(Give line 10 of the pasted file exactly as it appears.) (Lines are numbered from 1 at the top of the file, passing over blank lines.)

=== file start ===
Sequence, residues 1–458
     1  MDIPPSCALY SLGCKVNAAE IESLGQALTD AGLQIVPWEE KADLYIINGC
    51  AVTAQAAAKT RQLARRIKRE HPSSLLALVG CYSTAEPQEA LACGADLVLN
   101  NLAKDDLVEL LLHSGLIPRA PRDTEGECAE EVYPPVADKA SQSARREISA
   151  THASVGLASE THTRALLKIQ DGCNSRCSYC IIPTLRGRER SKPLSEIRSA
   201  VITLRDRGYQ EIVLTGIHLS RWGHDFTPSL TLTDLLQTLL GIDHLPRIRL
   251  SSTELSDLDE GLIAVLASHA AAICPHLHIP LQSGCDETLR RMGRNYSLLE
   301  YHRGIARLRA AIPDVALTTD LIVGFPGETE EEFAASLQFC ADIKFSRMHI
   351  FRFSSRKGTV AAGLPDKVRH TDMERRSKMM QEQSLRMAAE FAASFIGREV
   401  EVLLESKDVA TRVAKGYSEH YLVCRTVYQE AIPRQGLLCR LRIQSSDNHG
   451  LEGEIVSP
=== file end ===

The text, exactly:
   401  EVLLESKDVA TRVAKGYSEH YLVCRTVYQE AIPRQGLLCR LRIQSSDNHG